You may be one that routinely arranges your schedule, blocks off time and can’t be interrupted when Dancing with the Stars in on! Perhaps some of you have even called in to vote for your favorite star.
All of this is in good fun, but the questions still remains, What star are we following? When we must choose from all the stars that vie for our attention, how do we choose which one to follow? How do we know the star we are following is the right star and not a distractor star?
It seems like those are the same choices and decisions the Magi must have had to make in following that star that led to the Christ child.
But then when the Magi saw that the star they were following had stopped, the Scripture says “they were filled with joy.” Then, when they encountered the Christ child their hearts and minds were opened and the Scripture tells us they fell to their knees, honored him and worshiped.
Then, with their hearts and minds still open, God was able to instruct them in a dream to go a different way home to avoid the dangers and harm of King Herod.
We don’t know what happened next for the Magi or how life was when they returned home, but we do know that because of their persistent, disciplined, purposeful following of that star, they encountered Jesus and were not the same.
As we enter this New Year of 2018, we are moving into our next focus as a faith community with our Four-Year Ministry Plan of H.O.P.E. This year, we are focusing on the letter ‘P’ of H.O.P.E., which is Purposeful Living.
When we are purposeful in our living; we are paying attention, we have intention, we have joy, and we are disciplined in doing the things that will keep us and keep our children following the stars that lead to Jesus.
And, those purposeful disciplines are pretty simple…they won’t always be easy, but they are simple. I am going to briefly name four purposeful, spiritual disciplines, but there are many more…as many as the stars.
The four I am thinking of are:
First, prayer. Whatever prayer looks like for you; spending time in prayer, individually and together with others and as families, will put us in touch with God and keep us following the stars that will lead to Jesus.
Second is worship. Worshiping regularly with a faith community and together as families, will keep our hearts and minds grateful and open to God’s leading. And offering back to God our thanks and praise in worship is our calling as people of faith.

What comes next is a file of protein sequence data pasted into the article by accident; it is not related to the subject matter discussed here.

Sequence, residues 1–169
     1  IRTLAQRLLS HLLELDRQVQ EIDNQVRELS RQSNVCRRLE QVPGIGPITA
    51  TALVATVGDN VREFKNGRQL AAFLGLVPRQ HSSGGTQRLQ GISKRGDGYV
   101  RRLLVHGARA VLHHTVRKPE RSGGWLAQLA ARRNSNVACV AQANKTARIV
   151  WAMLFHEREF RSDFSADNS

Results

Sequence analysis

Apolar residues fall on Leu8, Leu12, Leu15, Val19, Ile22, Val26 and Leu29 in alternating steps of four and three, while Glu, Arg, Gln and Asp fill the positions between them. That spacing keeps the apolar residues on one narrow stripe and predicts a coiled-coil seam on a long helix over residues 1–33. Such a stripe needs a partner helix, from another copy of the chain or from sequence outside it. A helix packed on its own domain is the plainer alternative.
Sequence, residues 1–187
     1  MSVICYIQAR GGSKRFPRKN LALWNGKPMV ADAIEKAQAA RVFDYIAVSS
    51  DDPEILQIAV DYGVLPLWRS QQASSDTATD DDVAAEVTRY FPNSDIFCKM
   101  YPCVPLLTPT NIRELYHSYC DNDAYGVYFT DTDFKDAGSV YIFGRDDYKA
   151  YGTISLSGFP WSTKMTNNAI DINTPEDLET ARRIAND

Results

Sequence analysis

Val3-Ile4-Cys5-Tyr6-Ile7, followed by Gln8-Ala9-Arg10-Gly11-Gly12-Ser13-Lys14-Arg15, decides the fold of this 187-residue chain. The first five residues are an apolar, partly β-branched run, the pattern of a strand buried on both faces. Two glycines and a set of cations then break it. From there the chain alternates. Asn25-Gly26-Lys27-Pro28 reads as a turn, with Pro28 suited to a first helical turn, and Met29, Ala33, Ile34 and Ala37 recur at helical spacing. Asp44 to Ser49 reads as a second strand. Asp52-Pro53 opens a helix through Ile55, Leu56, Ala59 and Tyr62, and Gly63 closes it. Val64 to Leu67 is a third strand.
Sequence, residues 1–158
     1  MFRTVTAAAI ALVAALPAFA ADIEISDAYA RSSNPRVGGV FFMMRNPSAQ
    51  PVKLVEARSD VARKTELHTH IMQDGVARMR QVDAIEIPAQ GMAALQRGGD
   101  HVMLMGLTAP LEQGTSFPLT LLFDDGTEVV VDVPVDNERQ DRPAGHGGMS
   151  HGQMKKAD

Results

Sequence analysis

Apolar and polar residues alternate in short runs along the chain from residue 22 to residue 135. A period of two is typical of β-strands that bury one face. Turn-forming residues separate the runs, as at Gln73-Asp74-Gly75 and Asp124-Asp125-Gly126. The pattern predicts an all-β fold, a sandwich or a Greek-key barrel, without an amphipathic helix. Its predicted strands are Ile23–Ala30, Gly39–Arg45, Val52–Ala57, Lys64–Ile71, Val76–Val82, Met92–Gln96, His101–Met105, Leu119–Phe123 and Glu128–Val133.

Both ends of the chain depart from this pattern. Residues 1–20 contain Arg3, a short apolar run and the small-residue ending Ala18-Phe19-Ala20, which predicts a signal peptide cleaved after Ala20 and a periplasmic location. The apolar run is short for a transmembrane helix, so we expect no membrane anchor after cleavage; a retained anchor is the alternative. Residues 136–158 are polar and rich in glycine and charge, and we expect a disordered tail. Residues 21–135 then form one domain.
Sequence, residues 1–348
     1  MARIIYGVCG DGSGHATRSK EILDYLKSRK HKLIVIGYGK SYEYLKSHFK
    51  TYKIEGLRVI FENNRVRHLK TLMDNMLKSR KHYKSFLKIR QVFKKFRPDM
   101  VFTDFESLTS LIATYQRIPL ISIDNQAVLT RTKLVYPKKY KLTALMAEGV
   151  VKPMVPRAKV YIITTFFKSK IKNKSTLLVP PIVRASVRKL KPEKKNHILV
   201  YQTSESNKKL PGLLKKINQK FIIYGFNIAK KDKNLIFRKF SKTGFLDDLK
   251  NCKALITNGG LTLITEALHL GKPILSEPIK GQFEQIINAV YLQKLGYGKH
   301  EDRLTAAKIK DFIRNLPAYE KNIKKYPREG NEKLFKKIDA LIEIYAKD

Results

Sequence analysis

Third is spending time with the Scriptures. It is said that if you never pick up the Bible, you won’t miss it. In this year of Purposeful Living, can you spend either more time in some type of study of the Scriptures or begin spending 10 minutes in the morning or evening using a devotional that gets you reading the scriptures? Once again, if you are raising a family, can you find ways to do a daily family devotion?
And fourth is service. Service always follows our prayers and our worship and is a natural outcome from our time in Scripture.
I firmly believe that when we are in some type of care and service to others beyond ourselves, we will be led to see the Christ because we will be offering Christ in our actions. And when we are modeling that for our children, they will follow.
So, back to the Epiphany question…What star are you following?
Sometimes that star may be as bright as those we see in a clear, starry night sky. Other times, the star will be a faint light that is tricky to notice and hard to follow. And still other times, the star may feel like it is only held deep inside ourselves…but still we follow.
Storyteller Derek Maul tells about a time when he had the privilege of working with severely emotionally disturbed and autistic children during his teaching career. One year during the Advent season, he says he was waiting in line at the grocery store when he noticed a bright splash of color wedged in a stack of cards produced by a local charity. The bright color was a picture of a child wearing a zany Santa hat and looking intently at the star of Bethlehem.
Derek Maul says he thought he recognized the artwork and sure enough, there inside he saw the signature of one of his former fifth-grade students and poignant words reproduced from the boy’s distinctive wobbly handwriting. The troubled child had written, “Deep inside me I carry a star. A light sometimes only I can see.”
That’s Epiphany…the appearance of God’s light that leads us to follow with discipline and purpose until we see the deep and abiding hope and love and light of God’s presence made known to us in Christ.
So, keep following…And, whether you are dancing with the stars or simply following the stars, remember to let God lead!
May it be so for each of us.
Thanks be to God.